‘World Trade Center:’ A True Story of Hope

History in the Movies | By Cathy Schultz

Images from that day remain vivid in our memories. But “World Trade Center,” Oliver Stone’s surprisingly apolitical film about the Sept. 11 terrorist attacks on the center, doesn’t dwell on the terribly familiar memory of tall buildings disintegrating on the skyline. Instead, Stone offers us a micro view of that morning, a tale of those on the ground, of men who sought to help despite their own confusion and fear. The film follows two police officers in particular-John McLoughlin (Nicolas Cage) and Will Jimeno (Michael Pena)-caught in the chaos when a mountain of steel and concrete fell down on them.

We all know the larger story of Sept. 11, of course. But we don’t know this story, a true, ultimately uplifting tale of two cops and their families, trying to survive the impossible, and to make sense of the unimaginable. Here’s a guide to explore the real life in this drama.

Q. McLoughlin and Jimeno identify themselves as PAPD – -Port Authority police. Is that simply a branch of the NYPD?

A. No, the Port Authority of New York and New Jersey is an independent agency, which maintains and guards New York City’s airports, bridges, tunnels and the bus terminal. Its police force of 1,200 also patrolled the World Trade Center, which was owned and operated by the Port Authority. Thirty-seven PAPD officers died there on Sept. 11.

Q. Once the guys were trapped, what were the later explosions they heard?

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A. The other buildings of the Trade Center falling. McLoughlin and Jimeno were trapped when the South Tower fell at 10:05 a.m. Twenty-three minutes later, the North Tower also collapsed, sending fireballs and more deadly debris into the crevice where they were pinned. A similar thing happened hours later, when Building 7 of the World Trade Center collapsed at 5:20 p.m.

Q. Was the intense Marine-the one who found Jimeno in the rubble-real?

A. His story seems improbable, but, by all accounts, Dave Karnes is accurately depicted here. A Marine for 23 years, Karnes began the morning in Connecticut, where he worked as an accountant. Galvanized by the attacks, he left work, picked up his Marine gear and stopped at a barber to get a buzz cut. The deeply religious Karnes then sought out his pastor for prayer, asking, he said in an interview later, “that the Lord would lead me to a survivor.” He arrived at Ground Zero in the early evening, and despite the danger of the still burning, unstable rubble pile, he immediately set out to look for anyone in need of help.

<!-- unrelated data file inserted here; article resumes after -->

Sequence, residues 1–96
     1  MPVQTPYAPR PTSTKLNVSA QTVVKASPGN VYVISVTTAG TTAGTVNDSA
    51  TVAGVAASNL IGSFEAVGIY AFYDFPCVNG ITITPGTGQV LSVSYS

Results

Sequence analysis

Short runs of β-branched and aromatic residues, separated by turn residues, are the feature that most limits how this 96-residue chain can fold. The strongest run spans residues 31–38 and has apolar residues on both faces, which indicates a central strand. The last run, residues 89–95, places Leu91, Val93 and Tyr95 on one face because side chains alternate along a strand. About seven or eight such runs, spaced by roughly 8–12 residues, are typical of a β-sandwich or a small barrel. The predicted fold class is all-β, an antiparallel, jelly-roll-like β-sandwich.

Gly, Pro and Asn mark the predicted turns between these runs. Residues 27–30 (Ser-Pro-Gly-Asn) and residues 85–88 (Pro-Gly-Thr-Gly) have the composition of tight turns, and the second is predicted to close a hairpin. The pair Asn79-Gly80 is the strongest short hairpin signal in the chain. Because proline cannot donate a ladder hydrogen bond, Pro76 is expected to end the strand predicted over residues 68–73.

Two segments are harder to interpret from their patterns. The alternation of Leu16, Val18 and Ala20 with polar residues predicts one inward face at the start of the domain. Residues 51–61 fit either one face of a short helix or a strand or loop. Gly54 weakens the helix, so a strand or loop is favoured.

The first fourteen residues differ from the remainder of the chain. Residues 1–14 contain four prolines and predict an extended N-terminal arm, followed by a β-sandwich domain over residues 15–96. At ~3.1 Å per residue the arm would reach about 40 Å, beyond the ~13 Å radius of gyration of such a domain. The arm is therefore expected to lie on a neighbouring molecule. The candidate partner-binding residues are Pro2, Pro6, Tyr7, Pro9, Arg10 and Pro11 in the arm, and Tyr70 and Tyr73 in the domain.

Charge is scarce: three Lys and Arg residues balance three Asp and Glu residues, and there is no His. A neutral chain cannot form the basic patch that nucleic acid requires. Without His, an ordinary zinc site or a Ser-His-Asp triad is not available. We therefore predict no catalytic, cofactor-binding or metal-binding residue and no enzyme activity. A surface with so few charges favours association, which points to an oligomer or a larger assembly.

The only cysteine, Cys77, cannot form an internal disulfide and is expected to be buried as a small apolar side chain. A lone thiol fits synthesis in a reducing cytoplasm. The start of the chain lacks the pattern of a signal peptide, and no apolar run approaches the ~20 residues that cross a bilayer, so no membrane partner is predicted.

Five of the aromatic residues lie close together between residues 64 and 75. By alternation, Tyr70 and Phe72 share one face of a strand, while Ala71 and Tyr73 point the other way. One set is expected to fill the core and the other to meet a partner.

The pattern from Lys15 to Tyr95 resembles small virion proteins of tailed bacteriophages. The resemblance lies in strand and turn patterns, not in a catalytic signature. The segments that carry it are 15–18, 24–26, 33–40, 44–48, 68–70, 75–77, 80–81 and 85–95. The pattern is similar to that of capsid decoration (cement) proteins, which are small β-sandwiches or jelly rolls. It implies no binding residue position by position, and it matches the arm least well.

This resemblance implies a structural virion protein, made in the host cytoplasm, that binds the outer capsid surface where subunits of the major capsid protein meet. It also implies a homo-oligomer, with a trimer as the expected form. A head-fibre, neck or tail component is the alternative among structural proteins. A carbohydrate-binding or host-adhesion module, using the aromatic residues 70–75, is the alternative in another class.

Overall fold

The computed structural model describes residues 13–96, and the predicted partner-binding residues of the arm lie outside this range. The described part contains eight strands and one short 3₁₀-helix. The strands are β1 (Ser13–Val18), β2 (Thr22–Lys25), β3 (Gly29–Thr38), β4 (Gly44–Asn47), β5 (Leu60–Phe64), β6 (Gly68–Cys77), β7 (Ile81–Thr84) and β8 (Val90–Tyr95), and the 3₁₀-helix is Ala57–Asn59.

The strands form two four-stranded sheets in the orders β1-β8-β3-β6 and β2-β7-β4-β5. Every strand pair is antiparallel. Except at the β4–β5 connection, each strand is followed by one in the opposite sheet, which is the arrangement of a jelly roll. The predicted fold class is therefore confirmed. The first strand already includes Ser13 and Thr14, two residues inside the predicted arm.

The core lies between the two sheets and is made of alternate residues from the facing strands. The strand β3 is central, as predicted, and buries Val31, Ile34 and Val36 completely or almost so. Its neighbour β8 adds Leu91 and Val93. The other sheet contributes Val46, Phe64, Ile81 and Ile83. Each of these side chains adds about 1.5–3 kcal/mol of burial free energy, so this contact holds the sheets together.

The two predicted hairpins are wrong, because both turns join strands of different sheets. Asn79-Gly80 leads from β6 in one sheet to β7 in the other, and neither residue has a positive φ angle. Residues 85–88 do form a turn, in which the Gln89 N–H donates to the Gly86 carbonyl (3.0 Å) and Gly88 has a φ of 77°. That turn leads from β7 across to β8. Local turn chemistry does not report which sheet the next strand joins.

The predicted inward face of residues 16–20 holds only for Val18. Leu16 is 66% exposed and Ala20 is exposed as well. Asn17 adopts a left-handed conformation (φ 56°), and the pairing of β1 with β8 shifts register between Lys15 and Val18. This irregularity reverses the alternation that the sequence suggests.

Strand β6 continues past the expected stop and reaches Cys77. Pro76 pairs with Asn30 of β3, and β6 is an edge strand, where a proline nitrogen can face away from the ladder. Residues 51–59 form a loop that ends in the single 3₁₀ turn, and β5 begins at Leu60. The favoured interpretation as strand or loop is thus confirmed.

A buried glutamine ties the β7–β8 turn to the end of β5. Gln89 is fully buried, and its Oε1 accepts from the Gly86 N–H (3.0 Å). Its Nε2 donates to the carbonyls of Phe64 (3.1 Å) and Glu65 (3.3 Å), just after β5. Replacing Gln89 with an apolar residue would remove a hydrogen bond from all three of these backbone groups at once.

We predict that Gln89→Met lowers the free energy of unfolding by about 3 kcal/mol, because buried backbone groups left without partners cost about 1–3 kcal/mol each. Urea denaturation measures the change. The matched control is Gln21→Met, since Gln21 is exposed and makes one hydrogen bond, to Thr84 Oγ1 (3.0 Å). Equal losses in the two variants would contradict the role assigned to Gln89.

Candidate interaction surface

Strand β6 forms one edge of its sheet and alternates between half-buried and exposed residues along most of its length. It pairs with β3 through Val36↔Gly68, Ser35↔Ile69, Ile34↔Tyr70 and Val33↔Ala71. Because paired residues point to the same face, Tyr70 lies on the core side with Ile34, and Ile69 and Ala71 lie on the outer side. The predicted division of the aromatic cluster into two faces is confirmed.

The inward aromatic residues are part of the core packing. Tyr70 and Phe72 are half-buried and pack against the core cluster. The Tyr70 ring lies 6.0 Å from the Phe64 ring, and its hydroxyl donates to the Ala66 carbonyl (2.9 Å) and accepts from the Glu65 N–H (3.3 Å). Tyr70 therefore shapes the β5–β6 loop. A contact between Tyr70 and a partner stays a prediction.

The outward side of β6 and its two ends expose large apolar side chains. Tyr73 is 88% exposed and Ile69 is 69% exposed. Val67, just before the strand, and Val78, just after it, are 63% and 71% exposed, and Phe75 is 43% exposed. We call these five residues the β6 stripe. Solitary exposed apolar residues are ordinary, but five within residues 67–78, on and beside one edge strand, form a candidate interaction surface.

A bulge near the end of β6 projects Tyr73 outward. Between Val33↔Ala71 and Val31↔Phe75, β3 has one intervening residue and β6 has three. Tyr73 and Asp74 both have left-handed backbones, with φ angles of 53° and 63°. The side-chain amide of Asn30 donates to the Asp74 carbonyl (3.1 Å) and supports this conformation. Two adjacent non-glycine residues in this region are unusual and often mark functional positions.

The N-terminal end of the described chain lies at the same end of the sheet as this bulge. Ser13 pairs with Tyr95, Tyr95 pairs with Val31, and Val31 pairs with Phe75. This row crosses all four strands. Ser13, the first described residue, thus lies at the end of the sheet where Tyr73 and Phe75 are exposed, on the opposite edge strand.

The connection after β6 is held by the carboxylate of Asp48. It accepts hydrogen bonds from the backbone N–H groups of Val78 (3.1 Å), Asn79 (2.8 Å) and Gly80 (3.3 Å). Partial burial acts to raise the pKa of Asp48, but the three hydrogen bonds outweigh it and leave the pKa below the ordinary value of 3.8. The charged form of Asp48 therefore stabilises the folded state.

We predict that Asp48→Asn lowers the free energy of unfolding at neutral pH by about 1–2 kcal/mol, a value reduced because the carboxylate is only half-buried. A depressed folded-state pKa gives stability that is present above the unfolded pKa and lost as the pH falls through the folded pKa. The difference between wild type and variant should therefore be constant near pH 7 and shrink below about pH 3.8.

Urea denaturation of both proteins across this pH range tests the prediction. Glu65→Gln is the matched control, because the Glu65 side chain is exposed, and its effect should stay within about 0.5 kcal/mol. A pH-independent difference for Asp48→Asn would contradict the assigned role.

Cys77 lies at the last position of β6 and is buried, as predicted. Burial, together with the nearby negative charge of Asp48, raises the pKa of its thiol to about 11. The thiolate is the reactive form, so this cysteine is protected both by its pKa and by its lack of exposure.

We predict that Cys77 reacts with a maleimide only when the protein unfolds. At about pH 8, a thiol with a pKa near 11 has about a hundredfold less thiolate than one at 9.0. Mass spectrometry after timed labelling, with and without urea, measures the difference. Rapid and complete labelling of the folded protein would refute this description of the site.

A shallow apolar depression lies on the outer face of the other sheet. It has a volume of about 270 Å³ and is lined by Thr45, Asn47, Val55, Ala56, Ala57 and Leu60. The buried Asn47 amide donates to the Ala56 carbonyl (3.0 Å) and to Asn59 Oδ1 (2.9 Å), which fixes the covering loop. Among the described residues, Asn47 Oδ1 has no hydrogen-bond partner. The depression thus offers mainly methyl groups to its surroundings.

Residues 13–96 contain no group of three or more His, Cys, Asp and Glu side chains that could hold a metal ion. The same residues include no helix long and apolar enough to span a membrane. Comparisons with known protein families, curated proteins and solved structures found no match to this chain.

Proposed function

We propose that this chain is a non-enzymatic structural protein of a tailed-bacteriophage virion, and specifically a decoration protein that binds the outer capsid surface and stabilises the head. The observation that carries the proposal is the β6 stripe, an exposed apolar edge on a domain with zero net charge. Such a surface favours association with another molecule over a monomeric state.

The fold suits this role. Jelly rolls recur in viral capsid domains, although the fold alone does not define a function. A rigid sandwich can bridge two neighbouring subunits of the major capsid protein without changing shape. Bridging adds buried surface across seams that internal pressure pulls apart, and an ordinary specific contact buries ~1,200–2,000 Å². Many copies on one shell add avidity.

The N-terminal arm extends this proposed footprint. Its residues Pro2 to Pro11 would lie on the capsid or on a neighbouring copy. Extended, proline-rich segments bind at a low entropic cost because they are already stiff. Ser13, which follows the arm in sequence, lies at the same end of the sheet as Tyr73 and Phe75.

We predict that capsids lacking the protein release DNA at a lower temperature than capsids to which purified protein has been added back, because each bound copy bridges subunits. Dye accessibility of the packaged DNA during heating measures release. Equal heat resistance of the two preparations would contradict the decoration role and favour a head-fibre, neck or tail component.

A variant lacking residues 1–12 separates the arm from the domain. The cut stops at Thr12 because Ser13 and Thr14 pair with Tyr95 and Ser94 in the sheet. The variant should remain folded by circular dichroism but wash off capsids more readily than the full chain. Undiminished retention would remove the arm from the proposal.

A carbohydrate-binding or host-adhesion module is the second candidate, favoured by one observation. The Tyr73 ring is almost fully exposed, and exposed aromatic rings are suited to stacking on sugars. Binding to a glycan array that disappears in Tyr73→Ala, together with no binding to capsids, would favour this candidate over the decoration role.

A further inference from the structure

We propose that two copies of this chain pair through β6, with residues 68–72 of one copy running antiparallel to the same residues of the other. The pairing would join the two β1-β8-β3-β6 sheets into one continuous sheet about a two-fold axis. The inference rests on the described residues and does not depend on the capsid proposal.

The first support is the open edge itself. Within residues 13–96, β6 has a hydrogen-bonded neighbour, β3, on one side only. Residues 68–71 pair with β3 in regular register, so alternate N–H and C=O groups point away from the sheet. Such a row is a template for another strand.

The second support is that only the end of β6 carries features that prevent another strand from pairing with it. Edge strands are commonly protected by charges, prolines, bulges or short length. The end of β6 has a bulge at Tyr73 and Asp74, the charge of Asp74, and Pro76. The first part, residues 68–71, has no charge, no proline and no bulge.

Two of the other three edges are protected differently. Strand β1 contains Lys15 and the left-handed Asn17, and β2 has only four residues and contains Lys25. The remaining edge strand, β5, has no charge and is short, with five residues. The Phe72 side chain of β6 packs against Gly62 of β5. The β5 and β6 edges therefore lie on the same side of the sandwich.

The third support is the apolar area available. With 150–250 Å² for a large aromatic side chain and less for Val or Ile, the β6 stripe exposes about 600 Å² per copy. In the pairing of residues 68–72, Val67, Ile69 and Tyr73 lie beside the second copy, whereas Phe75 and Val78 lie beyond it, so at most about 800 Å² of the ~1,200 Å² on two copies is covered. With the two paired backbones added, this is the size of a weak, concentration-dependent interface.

Q. So Karnes was the first to reach McLoughlin and Jimeno?

A. Not quite. The movie skips a frustrating moment when Jimeno’s cries for help were answered by someone, who shouted down asking if a certain person was trapped with them. When Jimeno answered no, the man walked away, despite Jimeno’s pleas that he stay and help them.

Q. McLoughlin and his men were in the lobby of the South Tower, yet didn’t seem to know that a second plane had hit that building almost an hour earlier. Why not?

A. The movie highlights the confusion and miscommunication among rescue workers during the crisis. This was partly due to heavy radio traffic, and partly due to reliance on older radios, which didn’t broadcast well in skyscrapers. But it was also the result of a long feud between New York’s police and fire departments. In the decades preceding 2001, these departments consistently balked at training together or establishing protocol for communication and cooperation in a city-wide emergency. So, despite the best of intentions on Sept. 11, the FDNY, NYPD and the PAPD resorted to habit, and conducted completely separate and uncoordinated operations. Each group used its own distinct radio frequencies, and though the city had bought interagency radios years earlier, these sat unused and forgotten on storage shelves.

The Fire Department paid the greatest price for this communication breakdown. Police helicopters circling the towers repeatedly warned that the upper floors were listing, and the buildings looked in imminent danger of collapse. Police officers got the message and evacuated, warning everyone they met of the need to hurry. But firefighters were deep within the bowels of the towers, with malfunctioning radios, and according to New York Times journalists Jim Dwyer and Kevin Flynn, many seemed unaware of the pressing danger. The numbers seem to back this up: 343 firefighters died that day, while NYPD and PAPD combined deaths totaled 75.

Q. Did Jimeno really ask McLoughlin to send a radio message concerning a name for his unborn daughter?

A. He did. Jimeno and his wife, Allison, had disagreed over names for their child, due in November of 2001. Allison wanted Olivia, a name Jimeno didn’t like. Hours after getting trapped, Jimeno asked McLoughlin to send a radio message requesting the baby be named Olivia. McLoughlin did so, despite knowing his radio was broken.

Q. What’s a good book for more on McLoughlin’s and Jimeno’s story?

A. “102 Minutes,” by Jim Dwyer and Kevin Flynn, is a gripping account of the struggle for survival inside the towers, focusing both on those who survived as well as those who didn’t.

Cathy Schultz, Ph.D. is a history professor at the University of St. Francis in Illinois. You can reach her through her Web site at www.stfrancis.edu/historyinthemovies

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The Malibu Times is the first newspaper in Malibu, serving the community since 1946.

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